Purpose: To analyze treatment results and patterns of failure following external beam radiation for retinoblastoma and propose treatment guidelines according to specific clinical variables.
Methods and materials: We analyzed 27 patients (34 eyes) with retinoblastoma who received external beam radiation as initial treatment at Hahnemann University Hospital from October 1980 to December 1991 and have been followed for at least 1 year. Of the 34 eyes, 14 were Groups I-II (Reese-Ellsworth classification), 7 were Group III, and 13 were Groups IV-V. Doses ranged from 34.5-49.5 Gy (mean 44.3 Gy, median 45 Gy) in 1.5-2.0 Gy fractions generally delivered through anterior and lateral wedged pair fields.
Results: At a mean follow up of 35.2 months (range 12-93 months), local tumor control was obtained in 44% (15 out of 34) of eyes with external beam radiation alone. Salvage therapy (plaque brachytherapy, cryotherapy, and/or photocoagulation) controlled an additional 10 eyes (29.5%), so that overall ocular survival has been 73.5%. Local tumor control with external beam radiotherapy alone was obtained in 78.5% (11 out of 14) of eyes in Groups I-II, but in only 20% (4 out of 20) of eyes in Groups III-V. A total of 67 existing tumors were identified prior to treatment in the 34 treated eyes and local control with external beam radiation alone was obtained in 87% (46 out of 53) of tumors measuring 15 mm or less and in 50% (7 out of 14) of tumors measuring more than 15 mm. When analyzing patterns of failure in the 19 eyes that relapsed, a total of 28 failure sites were identified and consisted of progression of vitreous seeds in seven instances (25% of failure sites) recurrences from previously existing tumors in 10 instances (36% of failure sites) and development of new tumors in previously uninvolved retina in 11 instances (39% of failure sites).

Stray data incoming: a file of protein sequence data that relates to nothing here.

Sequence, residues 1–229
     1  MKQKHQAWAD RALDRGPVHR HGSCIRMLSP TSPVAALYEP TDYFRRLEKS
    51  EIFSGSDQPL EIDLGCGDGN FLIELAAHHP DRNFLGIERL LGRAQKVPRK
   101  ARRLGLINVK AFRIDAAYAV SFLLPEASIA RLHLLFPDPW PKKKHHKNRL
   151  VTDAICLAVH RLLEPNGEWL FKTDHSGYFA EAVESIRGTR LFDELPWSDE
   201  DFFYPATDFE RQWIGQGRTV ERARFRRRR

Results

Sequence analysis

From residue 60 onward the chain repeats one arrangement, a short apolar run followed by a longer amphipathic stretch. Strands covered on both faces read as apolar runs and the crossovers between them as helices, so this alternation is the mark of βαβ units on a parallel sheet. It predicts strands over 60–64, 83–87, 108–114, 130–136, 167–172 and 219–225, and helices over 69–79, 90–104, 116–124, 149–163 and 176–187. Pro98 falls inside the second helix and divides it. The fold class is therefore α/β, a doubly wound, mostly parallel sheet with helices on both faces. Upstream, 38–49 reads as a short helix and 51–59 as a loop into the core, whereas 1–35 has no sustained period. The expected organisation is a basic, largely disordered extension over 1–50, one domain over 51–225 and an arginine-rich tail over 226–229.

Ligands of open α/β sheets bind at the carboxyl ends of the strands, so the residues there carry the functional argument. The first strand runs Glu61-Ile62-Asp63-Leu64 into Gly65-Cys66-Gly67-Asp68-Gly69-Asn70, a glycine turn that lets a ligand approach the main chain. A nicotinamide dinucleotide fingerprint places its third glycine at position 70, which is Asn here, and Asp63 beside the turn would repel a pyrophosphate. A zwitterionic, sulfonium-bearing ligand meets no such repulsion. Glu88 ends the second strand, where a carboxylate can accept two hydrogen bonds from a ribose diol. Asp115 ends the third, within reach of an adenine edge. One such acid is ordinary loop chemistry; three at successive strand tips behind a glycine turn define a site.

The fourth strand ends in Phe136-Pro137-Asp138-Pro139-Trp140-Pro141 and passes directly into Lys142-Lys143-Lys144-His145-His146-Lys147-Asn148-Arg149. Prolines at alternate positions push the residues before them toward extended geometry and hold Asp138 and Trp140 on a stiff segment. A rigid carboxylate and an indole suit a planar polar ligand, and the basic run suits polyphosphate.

Conclusions: 1) We find that external beam radiation to a dose of 45 Gy in fractions of 1.5 to 2.0 Gy provides adequate tumor control in retinoblastoma eyes Groups I-II (Reese-Ellsworth classification) or tumors measuring 15 mm in diameter or less. Eyes in more advanced group staging or containing tumors larger than the 15 mm seem to require higher radiation doses. We propose treatment guidelines for external beam radiation of retinoblastoma that specifically take into account the important clinical variables of tumor stage and patient age. 2) External beam radiation does not prevent the appearance of new tumors in clinically uninvolved retina. Therefore, the traditional belief that external beam radiation can treat the retina "prophylactically" should be seriously questioned. Due to this finding and their significant less morbidity, focal treatment modalities (plaque brachytherapy, photocoagulation, and/or cryotherapy), when clinically feasible, should be considered the treatment of choice for intraocular retinoblastoma. External beam radiation should be considered only when focal treatment modalities are not clinically indicated.